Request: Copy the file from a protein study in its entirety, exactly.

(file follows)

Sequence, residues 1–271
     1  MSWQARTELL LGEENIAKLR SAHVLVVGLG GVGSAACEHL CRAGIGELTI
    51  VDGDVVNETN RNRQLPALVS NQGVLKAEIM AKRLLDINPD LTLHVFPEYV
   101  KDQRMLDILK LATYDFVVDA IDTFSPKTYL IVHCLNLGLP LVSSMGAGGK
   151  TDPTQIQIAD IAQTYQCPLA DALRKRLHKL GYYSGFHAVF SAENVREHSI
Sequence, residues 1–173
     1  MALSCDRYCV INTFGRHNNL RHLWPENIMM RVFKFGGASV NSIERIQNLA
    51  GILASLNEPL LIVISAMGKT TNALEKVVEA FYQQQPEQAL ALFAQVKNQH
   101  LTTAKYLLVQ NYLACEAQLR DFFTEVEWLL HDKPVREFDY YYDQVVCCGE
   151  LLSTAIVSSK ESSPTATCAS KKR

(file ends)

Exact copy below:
Sequence, residues 1–271
     1  MSWQARTELL LGEENIAKLR SAHVLVVGLG GVGSAACEHL CRAGIGELTI
    51  VDGDVVNETN RNRQLPALVS NQGVLKAEIM AKRLLDINPD LTLHVFPEYV
   101  KDQRMLDILK LATYDFVVDA IDTFSPKTYL IVHCLNLGLP LVSSMGAGGK
   151  TDPTQIQIAD IAQTYQCPLA DALRKRLHKL GYYSGFHAVF SAENVREHSI
Sequence, residues 1–173
     1  MALSCDRYCV INTFGRHNNL RHLWPENIMM RVFKFGGASV NSIERIQNLA
    51  GILASLNEPL LIVISAMGKT TNALEKVVEA FYQQQPEQAL ALFAQVKNQH
   101  LTTAKYLLVQ NYLACEAQLR DFFTEVEWLL HDKPVREFDY YYDQVVCCGE
   151  LLSTAIVSSK ESSPTATCAS KKR